“When we are evaluating a color application with a standard color camera that involves measurement, we de-rate the camera resolution by one half. With 3CCD, this isn’t necessary because we get higher accuracy than is otherwise possible, even with our highest resolution, 5MP color camera,” says Maves. “Although the 3CCD color camera can’t deliver the kind of calibrated color information of a photo spectrometer, it is useful in a wide variety of industries where appearance is critical, including; medical devices, printing, packaging and automotive. Any application that requires accurate color and high resolution will benefit greatly from the 3-CCD color camera.”

Success with 3CCD

Tim Moonen, sales support engineer at Simac, agrees.

“The main reason for choosing the 3CCD camera is to update an existing monochrome inspection to a color inspection. A Bayer-filter camera is less light sensitive because of the color filters, which absorb light. With the 3CCD, the image light goes through a prism and is then split into three spectral bands, with very little loss of light intensity,” he says.

And, resolution is lower in Bayer filter cameras, according to Moonen.

“A 1600 x 1200 resolution Bayer filter camera has an effective resolution of 800 x 600 because of the color filter array,” he says. “Since the 3CCD camera, with 1620 x 1236 resolution, has almost the same CCD size as a standard 1600 x 1200 monochrome camera, it is possible to change the camera without changing the lens, while keeping the same field of view [FOV].”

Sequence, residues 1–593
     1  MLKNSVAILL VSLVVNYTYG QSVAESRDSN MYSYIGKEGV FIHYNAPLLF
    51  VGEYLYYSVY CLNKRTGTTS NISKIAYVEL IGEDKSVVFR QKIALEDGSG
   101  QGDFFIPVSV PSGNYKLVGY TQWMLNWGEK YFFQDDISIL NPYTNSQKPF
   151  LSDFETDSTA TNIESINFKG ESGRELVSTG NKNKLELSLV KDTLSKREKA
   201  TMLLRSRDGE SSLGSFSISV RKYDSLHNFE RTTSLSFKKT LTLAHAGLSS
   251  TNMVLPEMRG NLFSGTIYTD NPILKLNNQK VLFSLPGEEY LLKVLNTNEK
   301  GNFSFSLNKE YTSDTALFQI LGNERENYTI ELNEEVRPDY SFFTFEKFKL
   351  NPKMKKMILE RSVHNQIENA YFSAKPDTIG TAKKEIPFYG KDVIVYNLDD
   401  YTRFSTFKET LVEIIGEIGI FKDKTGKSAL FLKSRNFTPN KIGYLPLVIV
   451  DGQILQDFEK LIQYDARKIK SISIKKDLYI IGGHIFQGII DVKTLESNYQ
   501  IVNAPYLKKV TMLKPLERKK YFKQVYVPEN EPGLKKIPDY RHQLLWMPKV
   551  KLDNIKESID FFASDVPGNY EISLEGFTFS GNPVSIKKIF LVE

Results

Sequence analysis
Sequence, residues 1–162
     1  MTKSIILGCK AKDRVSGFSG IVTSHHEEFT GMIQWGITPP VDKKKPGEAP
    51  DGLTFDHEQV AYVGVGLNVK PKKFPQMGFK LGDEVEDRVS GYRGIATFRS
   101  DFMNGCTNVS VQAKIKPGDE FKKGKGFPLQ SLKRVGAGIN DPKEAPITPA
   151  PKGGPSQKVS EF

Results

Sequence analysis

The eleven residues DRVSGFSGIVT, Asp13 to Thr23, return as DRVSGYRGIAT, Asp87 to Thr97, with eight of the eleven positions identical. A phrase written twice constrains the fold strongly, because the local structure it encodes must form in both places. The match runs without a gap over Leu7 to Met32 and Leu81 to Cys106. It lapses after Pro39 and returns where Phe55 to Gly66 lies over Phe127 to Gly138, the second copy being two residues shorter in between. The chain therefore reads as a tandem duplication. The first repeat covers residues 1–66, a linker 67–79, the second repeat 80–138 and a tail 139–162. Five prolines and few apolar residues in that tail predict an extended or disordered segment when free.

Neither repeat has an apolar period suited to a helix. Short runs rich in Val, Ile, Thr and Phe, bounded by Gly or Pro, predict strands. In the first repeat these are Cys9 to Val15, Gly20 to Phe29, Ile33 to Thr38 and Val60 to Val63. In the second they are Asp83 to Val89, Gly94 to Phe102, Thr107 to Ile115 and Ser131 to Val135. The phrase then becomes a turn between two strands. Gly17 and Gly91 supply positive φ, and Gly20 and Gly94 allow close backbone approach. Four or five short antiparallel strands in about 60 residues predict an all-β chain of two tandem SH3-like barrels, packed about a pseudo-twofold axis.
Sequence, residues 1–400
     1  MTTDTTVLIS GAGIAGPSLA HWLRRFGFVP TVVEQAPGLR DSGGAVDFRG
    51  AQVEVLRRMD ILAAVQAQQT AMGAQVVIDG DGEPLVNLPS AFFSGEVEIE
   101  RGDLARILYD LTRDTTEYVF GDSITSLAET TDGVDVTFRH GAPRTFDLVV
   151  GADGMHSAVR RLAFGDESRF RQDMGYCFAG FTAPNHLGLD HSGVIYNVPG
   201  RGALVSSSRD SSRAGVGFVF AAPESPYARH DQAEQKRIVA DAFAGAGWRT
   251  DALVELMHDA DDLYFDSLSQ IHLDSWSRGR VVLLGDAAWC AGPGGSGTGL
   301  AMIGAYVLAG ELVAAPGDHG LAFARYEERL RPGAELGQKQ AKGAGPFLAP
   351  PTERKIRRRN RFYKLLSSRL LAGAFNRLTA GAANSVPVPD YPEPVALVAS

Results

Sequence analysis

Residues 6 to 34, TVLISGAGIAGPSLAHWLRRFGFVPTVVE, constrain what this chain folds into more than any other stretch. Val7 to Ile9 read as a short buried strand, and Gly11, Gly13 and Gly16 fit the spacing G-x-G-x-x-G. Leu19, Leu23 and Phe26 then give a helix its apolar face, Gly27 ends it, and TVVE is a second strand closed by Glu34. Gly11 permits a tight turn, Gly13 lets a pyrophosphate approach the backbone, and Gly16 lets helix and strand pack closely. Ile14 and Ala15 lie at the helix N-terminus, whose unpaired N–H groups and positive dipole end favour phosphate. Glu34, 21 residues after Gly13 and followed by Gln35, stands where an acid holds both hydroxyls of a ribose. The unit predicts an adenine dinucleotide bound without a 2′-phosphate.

Moonen expects that other inspections will be upgraded with this 3CCD application in the near future. “Simac has provided machines to this customer for more than 10 years-all with PPT Vision. While this is our first project with the 3CCD application, we know that the customer is happy to work with PPT.”

PPT Vision

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The advantage of having three independently filtered CCDs is that there is no reduction of image quality on the output image.

A camera with three independent CCDs no longer has to use a filter mosaic to create color.

Since the 3CCD camera has almost the same CCD size as a standard monochrome camera, it is possible to change the camera without changing the lens, while keeping the same field of view.